NHL Lockout 2012: What's the Next Step in the Talks Between NHL and NHLPA?

Joseph KuchieCorrespondent IDecember 10, 2012

NEW YORK, NY - DECEMBER 05:  New Jersey Devils General Manager Lou Lamoriello leaves the leagues legal offices following the National Hockey League Board of Governors meeting on December 5, 2012 in New York City.  (Photo by Bruce Bennett/Getty Images)
Bruce Bennett/Getty Images

Despite last week's negotiations falling through and the two sides failing to reach an agreement, there is still hope that the NHL will agree in time for half a season.

TSN's Darren Dreger reported today that the NHL will cancel games through December 30th, which is much more optimistic than the originally proposed January 15th date. Although cancelling games is never a good sign, the fact that the NHL is only cancelling up until the 30th shows some sort of hope that the season will start soon.

Cancelling up until the 30th gives the opportunity for the season to start on New Year's Eve, which would give the NHL a 13-game schedule for opening day.

The NHL has already cancelled the Winter Classic and the All-Star Game, so starting on a holiday would give it some sort of momentum going into 2013.

According to Sportsnet, the NHL lockout is currently on it's 86th day and has cancelled a total of 388 games, losing nearly $600 million in player salaries. The window of opportunity is rapidly closing as 2012 comes to an end and January may be the final chance for fans to see the NHL this season.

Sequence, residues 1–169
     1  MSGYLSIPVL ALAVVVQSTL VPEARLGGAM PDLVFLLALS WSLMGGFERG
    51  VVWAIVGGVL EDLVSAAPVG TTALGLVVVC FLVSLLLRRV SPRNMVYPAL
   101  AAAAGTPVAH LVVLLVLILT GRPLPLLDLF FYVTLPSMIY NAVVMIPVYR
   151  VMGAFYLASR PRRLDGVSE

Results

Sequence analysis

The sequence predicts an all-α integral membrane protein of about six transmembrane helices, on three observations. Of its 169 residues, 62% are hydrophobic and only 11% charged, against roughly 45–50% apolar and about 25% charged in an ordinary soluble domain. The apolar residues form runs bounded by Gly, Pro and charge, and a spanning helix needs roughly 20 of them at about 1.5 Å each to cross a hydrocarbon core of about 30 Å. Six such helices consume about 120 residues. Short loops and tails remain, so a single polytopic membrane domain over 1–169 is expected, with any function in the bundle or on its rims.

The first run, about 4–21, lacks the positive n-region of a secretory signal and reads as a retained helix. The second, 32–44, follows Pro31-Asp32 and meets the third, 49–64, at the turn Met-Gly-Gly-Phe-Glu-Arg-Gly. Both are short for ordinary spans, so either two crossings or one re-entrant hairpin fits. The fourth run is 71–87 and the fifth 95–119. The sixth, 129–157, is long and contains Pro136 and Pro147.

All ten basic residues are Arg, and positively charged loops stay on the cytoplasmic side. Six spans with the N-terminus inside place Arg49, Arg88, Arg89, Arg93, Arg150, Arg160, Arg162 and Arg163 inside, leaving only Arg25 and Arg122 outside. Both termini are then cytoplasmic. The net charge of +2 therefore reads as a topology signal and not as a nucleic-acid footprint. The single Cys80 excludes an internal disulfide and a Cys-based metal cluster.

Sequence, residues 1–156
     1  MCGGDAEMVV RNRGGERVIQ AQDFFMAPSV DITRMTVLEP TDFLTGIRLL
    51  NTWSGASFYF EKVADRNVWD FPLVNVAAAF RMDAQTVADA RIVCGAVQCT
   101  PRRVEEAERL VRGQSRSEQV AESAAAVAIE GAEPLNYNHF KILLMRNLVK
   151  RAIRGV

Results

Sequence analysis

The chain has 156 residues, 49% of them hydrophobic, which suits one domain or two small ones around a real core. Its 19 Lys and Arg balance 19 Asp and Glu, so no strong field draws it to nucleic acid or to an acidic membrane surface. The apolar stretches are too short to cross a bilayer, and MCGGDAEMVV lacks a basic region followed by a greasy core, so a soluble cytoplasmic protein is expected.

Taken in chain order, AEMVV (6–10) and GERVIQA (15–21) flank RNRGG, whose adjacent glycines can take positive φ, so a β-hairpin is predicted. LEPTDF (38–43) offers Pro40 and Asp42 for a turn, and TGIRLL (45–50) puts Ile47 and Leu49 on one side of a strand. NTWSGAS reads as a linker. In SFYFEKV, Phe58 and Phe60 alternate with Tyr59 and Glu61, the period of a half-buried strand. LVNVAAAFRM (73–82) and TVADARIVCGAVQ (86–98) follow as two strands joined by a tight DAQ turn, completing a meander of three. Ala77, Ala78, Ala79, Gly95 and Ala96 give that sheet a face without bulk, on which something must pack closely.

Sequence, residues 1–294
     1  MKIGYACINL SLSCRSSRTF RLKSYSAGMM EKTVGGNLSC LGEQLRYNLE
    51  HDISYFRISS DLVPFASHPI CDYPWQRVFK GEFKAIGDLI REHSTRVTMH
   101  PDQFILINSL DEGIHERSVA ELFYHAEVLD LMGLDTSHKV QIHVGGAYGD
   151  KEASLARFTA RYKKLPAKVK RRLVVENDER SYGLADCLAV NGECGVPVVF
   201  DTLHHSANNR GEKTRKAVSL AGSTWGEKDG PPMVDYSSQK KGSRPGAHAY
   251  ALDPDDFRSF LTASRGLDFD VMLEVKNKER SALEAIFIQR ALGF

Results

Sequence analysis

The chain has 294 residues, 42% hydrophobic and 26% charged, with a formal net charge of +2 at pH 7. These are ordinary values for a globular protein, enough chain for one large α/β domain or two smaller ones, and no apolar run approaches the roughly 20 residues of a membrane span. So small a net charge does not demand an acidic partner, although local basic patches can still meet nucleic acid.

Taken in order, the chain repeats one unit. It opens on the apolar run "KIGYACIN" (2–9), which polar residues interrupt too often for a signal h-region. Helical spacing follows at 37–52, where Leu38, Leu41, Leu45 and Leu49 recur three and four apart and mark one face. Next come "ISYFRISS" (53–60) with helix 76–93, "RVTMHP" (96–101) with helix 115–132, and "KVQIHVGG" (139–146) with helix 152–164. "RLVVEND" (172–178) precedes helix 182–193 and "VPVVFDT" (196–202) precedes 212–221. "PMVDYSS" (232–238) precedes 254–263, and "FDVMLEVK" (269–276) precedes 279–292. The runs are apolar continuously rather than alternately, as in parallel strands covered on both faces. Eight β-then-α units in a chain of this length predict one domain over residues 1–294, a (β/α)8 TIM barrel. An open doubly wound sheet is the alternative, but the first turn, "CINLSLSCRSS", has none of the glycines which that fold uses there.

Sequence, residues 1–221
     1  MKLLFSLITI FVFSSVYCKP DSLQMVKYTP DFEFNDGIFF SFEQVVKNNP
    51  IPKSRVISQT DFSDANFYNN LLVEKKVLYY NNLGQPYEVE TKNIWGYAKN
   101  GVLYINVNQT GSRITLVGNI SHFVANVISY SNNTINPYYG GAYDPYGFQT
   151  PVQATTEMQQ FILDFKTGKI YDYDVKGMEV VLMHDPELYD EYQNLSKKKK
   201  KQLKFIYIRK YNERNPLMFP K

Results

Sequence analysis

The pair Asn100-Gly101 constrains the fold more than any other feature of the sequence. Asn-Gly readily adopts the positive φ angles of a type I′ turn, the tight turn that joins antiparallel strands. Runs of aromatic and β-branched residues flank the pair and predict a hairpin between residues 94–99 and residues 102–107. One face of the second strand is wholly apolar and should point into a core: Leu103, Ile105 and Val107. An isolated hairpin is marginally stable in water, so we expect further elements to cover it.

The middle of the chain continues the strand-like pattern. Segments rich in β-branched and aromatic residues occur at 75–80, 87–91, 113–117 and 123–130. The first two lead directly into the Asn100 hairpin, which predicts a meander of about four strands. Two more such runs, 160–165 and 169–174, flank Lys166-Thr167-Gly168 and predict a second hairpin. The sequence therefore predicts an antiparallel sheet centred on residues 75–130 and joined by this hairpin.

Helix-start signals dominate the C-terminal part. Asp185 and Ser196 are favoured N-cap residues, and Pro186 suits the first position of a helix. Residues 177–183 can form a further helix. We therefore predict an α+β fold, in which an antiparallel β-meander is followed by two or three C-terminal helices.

NHL.com's Dan Rosen wrote today that the NHL and NHLPA are working on scheduling a meeting for next week, but nothing has been confirmed. If they want to start the season by the end of the month, they will have to make significant progress by next Friday.

If that doesn't work, January 15th may become the final date before the NHL loses the season. The 1994 lockout ended on January 11, 1994 and the season started nine days later on January 20th, allowing the league to have a 48-game season.

Having 48 games ultimately means that any team could have a chance to make a run at the Stanley Cup, but it is still better than having no season at all. There is no doubt that hockey fans would rather see the Columbus Blue Jackets win the Stanley Cup than not have a winner at all (well, maybe).

Despite the public arguments and constant setbacks in negotiations, these talks are going much better than they did during the 2004 work stoppage. Both sides went months without talking during the last lockout and at least Daly and Fehr are working to make something happen every week.

Everyone is certainly frustrated up to this point, but only cancelling games up until the 30th gives hope that an agreement is right around the corner. Having 48 games is a lot better than zero, but the NHL has a little more than a month to make that happen.